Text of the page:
As one who is still very new to the active collection and enjoyment of vinyl records (I'm not counting using them as frisbees or surfing the basement carpet on them as a child), I've begun to appreciate the fickle, frustrating nature of the medium. Everything about the collecting, the listening, the tweaking, the maintenance and the hunt can be equal parts maddening and rewarding. I once spotted a pristine, mint-looking early Nat King Cole record at a thrift store. The jacket - shiny. The spine - solid. The inner sleeve - factory crisp. The record inside - "101 Strings, The Glory of Christmas." It's enough for me to cause a scene there amongst the rusty Faberware.
There are good days, however. Here are a few recent finds from a Goodwill.
James Brown - I Can't Stand Myself (1967, King)
This is a very lively record with The Godfather of Soul in his prime doing what made him famous.
Tony Bennett - I Left My Heart in San Francisco (1963, Columbia)
This is a Canadian pressing (I'll explain my hang-up about this in some future post), but I couldn't pass this up at $1.99 CDN. This album was the first LP, I believe, with the hit title song which had already been released as a single.
Teddi King - All The King's Songs (1959, Coral)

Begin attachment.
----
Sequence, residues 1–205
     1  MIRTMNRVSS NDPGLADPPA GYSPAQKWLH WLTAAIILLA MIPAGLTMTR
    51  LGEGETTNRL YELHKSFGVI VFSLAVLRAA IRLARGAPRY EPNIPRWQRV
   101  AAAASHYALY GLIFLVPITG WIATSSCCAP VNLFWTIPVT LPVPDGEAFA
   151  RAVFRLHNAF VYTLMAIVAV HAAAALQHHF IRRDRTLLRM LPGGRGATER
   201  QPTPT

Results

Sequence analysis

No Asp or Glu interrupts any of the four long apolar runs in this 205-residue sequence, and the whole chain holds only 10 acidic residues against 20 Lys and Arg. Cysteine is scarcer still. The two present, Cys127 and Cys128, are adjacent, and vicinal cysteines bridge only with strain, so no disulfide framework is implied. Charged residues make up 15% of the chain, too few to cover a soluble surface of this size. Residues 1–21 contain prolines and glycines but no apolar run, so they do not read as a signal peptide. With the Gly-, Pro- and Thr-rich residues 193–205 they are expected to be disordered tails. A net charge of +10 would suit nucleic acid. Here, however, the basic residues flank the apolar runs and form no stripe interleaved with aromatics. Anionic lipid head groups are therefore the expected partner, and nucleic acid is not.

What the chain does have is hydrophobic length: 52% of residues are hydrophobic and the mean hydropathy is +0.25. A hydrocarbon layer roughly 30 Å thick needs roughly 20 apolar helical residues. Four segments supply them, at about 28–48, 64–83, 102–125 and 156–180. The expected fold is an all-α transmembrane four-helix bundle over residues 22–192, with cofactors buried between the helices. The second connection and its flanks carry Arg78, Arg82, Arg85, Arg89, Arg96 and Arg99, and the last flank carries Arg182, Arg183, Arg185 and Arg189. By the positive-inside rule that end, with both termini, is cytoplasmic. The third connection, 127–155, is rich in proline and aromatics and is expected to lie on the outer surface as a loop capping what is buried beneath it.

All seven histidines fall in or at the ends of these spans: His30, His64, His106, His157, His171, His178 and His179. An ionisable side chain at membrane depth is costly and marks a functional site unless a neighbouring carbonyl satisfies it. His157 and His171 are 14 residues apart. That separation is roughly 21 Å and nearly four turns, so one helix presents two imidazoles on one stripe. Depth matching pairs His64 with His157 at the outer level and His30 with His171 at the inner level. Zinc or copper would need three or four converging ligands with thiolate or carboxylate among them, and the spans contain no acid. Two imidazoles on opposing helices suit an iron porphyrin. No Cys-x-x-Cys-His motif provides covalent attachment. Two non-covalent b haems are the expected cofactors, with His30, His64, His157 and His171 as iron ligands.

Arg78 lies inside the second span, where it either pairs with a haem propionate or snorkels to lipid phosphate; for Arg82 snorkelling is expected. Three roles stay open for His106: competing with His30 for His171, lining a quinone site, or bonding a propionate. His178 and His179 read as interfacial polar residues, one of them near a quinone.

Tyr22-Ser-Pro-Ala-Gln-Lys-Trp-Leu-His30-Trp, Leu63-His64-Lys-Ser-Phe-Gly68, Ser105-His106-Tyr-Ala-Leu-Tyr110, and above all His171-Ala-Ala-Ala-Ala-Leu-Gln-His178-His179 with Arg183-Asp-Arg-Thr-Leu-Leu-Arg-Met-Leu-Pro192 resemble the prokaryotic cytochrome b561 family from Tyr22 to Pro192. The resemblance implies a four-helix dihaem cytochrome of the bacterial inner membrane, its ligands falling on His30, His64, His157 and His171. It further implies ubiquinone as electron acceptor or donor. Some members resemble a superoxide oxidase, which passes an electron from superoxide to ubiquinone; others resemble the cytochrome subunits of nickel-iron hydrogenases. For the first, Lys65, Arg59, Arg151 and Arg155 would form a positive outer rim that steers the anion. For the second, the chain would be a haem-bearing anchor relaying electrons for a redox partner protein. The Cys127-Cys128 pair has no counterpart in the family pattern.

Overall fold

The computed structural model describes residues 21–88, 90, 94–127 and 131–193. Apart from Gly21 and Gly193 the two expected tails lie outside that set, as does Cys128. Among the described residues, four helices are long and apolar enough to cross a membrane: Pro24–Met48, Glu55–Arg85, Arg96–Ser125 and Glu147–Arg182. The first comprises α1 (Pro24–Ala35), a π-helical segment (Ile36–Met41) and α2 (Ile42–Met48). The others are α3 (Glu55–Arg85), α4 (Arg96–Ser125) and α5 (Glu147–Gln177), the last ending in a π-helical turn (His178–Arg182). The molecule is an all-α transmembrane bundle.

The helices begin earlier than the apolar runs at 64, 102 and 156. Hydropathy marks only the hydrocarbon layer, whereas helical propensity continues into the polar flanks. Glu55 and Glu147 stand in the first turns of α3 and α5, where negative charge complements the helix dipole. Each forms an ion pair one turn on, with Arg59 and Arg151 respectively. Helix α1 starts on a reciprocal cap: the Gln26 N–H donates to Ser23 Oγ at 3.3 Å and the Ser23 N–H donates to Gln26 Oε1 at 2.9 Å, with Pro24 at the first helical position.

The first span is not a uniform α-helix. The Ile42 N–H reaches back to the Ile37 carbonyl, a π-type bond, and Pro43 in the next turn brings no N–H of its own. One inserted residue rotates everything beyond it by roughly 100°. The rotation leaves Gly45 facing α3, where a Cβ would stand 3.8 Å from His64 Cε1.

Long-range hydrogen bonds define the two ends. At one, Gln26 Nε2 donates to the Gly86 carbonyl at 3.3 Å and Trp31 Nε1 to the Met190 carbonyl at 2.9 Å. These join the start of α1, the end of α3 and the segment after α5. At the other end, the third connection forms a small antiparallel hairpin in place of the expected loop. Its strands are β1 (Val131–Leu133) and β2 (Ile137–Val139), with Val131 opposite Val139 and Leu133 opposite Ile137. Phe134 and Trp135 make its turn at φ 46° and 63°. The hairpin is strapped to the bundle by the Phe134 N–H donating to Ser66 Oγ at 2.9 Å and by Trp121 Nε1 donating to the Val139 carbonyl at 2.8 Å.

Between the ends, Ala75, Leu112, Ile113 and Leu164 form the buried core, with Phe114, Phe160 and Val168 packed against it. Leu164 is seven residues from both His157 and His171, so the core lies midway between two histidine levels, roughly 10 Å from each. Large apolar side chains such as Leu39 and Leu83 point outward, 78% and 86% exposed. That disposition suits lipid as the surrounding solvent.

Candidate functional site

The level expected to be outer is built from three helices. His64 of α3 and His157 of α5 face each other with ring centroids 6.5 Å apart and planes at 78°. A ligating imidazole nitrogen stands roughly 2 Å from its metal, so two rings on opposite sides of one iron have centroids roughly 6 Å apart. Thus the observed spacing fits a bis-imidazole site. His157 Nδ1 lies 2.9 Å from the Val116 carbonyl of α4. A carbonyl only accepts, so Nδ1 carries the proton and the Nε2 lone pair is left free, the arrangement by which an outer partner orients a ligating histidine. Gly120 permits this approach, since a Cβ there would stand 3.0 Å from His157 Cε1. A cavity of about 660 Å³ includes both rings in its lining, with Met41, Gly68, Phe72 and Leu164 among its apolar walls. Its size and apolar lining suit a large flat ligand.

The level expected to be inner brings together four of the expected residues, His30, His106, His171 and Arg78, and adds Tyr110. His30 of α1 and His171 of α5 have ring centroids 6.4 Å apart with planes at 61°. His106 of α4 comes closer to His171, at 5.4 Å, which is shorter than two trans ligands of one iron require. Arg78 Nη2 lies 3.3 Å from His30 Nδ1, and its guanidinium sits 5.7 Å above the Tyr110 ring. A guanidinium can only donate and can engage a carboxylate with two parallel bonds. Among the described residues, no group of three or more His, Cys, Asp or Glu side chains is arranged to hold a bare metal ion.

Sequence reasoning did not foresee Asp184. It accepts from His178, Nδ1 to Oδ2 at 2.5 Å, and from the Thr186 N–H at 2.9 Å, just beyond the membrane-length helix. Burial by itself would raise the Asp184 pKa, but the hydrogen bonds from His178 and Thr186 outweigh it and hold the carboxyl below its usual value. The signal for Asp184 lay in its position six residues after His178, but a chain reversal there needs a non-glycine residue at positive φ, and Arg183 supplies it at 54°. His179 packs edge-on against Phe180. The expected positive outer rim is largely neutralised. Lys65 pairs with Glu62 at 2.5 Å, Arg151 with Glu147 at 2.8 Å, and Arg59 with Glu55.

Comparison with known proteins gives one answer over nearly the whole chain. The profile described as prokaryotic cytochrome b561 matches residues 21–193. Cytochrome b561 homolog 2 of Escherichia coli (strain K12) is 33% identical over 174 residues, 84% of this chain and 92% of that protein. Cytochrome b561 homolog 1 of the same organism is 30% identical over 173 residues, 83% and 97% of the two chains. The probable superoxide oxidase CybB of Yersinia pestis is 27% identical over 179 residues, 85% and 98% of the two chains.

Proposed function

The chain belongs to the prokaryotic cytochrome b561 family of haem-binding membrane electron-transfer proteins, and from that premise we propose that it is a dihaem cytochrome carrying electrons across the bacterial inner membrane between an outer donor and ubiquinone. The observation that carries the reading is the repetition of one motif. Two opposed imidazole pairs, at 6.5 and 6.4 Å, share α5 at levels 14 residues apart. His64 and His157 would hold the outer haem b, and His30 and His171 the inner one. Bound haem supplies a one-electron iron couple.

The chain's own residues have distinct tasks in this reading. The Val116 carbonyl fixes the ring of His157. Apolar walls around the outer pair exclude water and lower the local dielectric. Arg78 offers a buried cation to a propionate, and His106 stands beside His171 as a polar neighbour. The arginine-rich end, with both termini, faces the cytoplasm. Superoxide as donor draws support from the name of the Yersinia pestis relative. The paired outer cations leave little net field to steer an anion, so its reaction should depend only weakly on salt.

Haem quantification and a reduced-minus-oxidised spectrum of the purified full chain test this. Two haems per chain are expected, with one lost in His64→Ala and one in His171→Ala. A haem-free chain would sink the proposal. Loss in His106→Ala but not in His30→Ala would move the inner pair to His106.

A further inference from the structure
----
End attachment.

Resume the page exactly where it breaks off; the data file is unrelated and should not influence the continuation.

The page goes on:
This is valued at $60-$70, but more importantly, it's a great recording and is a very good record with outstanding performances by Ms. King.
Jimmy Rushing - Five Feet of Soul (1963, Colpix)
Jimmy Rushing was a blues singer who sang for Count Basie. His powerful voice and powerful personality is on display here. "Five Feet of Soul" refers to his nickname, "Mr. Five By Five." Five feet tall by five feet wide.
Cecil Payne - Performing Charlie Parker Music (1961, Charlie Parker Records)
Cecil Payne was a saxophonist who played with Dizzy Gillespie. He only had a handful of records as a bandleader, and this one is from 1961. It's also in great shape.
In the film American Splendor, Harvey Pekar, in an interview, commented on his time spent at garage sales looking for old jazz records, in search of that one title which will somehow magically make his collection complete. To paraphrase, just when he feels like giving up, he makes some find that whets the appetite all over again, and the cycle continues. I wouldn't draw too many comparisons between myself and Harvey Pekar. Besides, finding records at garage sales is becoming rarer and rarer. The energy spent (and weekend sleep lost) getting up on Saturday to check out garage sales which might advertise records on Craigslist are usually in vain since eBay and flea market creeps often contact the sellers early to try to get first crack at the bounty. Who wants to compete with that?
Luckily, I've rarely spent more than just a few dollars for a used record. Demand is low for analog, which is sad for the industry, but great for fans. Unless, of course, you're a Michael Jackson fan. After his death, Thriller began selling for over $100 for used copies on eBay. I'm glad I got a replacement copy for my 1984 original a few months ago from the 50-cent rack at a local record store. Of course, eBay is the worst place to buy anything, really, since prices are usually driven up by one singular moron with more money than common sense.
I refuse to be that moron.